Control what you can control and let the rest go. I can tell you with some conviction that you cannot make a goal that requires another person to change. Your happiness cannot depend on the behavior of any other person. It is impossible to control a two-year-old or your partner; of course, you can help guide them, but you cannot control any other actions but your own. This revelation is quite freeing because, in the end, your happiness is in your hands.”
Courtney’s Mom Casi
“Focus on your skill sets, your goals, and dreams. BUT be flexible! You will find new opportunities around every corner. Be open to creative turns and new possibilities.
Find your nest and build your nest. Embrace new life! Have children. Adventures may be expensive, but they will expand you and your children’s view of the world. Take simple moments and forget about the laundry, get creative, and laugh. Treat your children as small but fully cognizant humans. Be respectful of each other and of your children and they will respect you back.
In your 30s, work towards your goals, save when you can, but remember to have fun and embrace this amazing decade. Get involved with your community and find ways to help make our world better.”
Emily’s Mom “C”
“How do I give advice to my daughter entering her 30s when our two lives have been totally different? What can I say without sounding preachy or cliché? Here are some standards that I have set for my own life that I feel safe to pass on to my daughter in any circumstances of life: What you believe in your 30s for yourself should hold true in your 40s, 50s, and beyond, morally and ethically. Emotionally, be nice to yourself but remember—life is much bigger than you are. If something feels like it is missing in your life, you are probably right.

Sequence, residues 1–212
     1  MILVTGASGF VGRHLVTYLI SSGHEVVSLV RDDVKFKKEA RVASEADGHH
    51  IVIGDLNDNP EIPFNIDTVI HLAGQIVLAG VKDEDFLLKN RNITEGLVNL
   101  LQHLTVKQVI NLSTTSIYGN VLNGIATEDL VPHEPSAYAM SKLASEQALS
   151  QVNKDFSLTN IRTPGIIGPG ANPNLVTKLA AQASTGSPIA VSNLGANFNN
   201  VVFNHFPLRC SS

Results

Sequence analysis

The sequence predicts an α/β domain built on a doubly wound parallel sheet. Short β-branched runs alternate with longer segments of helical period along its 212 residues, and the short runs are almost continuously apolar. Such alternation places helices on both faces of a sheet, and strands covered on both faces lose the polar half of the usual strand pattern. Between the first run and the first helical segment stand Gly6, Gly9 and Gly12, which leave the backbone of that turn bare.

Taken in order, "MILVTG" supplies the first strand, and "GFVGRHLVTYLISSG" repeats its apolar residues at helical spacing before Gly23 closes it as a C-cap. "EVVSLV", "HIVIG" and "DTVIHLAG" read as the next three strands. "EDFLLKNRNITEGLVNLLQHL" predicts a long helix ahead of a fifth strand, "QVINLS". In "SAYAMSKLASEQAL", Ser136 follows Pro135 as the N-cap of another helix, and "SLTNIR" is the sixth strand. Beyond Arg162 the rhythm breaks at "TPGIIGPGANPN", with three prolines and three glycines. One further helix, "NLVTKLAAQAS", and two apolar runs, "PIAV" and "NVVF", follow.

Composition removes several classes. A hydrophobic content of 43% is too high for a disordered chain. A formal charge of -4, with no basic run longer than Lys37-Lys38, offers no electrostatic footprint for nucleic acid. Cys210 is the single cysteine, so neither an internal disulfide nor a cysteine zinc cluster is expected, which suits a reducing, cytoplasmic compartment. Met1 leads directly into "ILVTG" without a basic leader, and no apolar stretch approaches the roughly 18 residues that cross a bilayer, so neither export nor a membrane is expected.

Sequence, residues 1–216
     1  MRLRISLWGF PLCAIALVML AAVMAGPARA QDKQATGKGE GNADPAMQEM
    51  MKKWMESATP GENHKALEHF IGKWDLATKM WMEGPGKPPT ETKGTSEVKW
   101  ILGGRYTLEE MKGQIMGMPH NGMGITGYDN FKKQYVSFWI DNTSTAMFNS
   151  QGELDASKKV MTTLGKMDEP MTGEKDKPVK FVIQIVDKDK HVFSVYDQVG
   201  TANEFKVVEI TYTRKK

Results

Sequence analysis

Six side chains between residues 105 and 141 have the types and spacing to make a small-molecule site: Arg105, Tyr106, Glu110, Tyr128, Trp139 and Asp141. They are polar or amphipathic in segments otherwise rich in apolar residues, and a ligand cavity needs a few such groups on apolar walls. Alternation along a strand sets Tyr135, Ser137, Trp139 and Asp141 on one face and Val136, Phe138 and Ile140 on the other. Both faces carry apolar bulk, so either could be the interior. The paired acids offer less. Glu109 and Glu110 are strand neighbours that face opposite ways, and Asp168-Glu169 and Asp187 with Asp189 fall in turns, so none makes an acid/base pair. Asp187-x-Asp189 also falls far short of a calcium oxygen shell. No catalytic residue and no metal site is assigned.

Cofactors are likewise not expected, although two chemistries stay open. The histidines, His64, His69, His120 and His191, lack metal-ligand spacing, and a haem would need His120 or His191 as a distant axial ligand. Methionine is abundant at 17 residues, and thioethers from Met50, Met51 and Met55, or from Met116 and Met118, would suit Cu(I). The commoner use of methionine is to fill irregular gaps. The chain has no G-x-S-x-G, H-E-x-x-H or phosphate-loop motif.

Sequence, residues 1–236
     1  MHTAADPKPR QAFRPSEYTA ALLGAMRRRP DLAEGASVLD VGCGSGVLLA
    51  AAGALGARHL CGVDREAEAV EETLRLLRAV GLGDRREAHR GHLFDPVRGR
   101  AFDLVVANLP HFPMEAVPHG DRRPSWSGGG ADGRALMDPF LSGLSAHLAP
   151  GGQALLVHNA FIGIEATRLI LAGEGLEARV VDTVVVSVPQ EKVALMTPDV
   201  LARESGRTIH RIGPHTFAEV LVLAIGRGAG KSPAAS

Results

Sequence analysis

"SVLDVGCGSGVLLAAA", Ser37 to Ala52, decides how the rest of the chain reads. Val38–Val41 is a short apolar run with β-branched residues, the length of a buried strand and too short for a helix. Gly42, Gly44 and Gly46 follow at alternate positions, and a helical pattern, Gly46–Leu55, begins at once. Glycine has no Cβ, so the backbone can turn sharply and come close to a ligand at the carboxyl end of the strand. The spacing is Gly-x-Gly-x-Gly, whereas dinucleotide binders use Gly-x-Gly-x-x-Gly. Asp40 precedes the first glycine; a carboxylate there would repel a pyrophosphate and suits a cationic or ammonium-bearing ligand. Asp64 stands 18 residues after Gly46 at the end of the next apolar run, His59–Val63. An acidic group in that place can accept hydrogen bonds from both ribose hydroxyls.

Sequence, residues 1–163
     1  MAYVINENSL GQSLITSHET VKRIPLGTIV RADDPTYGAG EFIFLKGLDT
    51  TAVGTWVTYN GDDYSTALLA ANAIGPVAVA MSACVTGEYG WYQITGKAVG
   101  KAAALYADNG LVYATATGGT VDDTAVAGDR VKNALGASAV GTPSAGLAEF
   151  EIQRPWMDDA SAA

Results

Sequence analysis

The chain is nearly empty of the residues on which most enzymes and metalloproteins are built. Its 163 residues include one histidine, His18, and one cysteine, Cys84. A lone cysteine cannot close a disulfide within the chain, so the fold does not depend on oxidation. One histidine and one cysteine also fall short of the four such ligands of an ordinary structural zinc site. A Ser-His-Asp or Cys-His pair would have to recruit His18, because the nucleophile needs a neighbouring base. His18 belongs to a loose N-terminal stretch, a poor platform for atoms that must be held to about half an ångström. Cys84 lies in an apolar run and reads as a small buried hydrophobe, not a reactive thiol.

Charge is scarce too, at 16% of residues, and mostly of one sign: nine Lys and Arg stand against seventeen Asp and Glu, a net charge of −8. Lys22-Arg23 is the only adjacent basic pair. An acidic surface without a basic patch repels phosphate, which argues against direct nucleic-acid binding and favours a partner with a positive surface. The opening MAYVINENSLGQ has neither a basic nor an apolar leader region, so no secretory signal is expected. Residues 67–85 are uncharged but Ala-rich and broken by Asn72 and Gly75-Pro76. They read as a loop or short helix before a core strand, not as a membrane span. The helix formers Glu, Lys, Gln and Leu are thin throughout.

Celebrate your life to your God-given core, through your body, soul, and love and appreciation of nature. Those things should always keep you balanced and grounded. Physically, only one bit of advice: take care of your health daily. I always say it is much easier to die than it is to live. Living takes effort.
Financially, never live beyond your means. If you can’t keep up with your paycheck, may you grant yourself the ability to make changes through grace and humility. Pride is good, humble is better still.”
Kayti’s Mom Sally
“I had four young kids in my thirties. Everyone tells you how fast that time will go, but you don’t believe them. And then you wish you could go back. I wish I would have been more mentally present when my kids were little, and not just trying to survive—survival was my theme back then.
I’d also say it’s easy to fall out of a self-care routine in your thirties, and it’s easy to drift away from friends and family. You always think you have more time, and you put things off for ‘someday, someday.’ But then the years are gone. I wish I’d been more present and focused on maintaining self-care habits and routines, as well as regular catch-ups with loved ones.
But I also don’t regret anything about my thirties, or any decade for that matter. Except for sunscreen. Always wear sunscreen.”
We’d love to hear the advice you’ve received & the lessons you’ve learned. Share in the comments below!
Emily Torres is the Managing Editor at The Good Trade. She’s a Los Angeles transplant who was born and raised in Indiana, where she studied Creative Writing and Business at Indiana University. You can usually find her reading or writing, caring for her rabbits, or practicing at the yoga studio.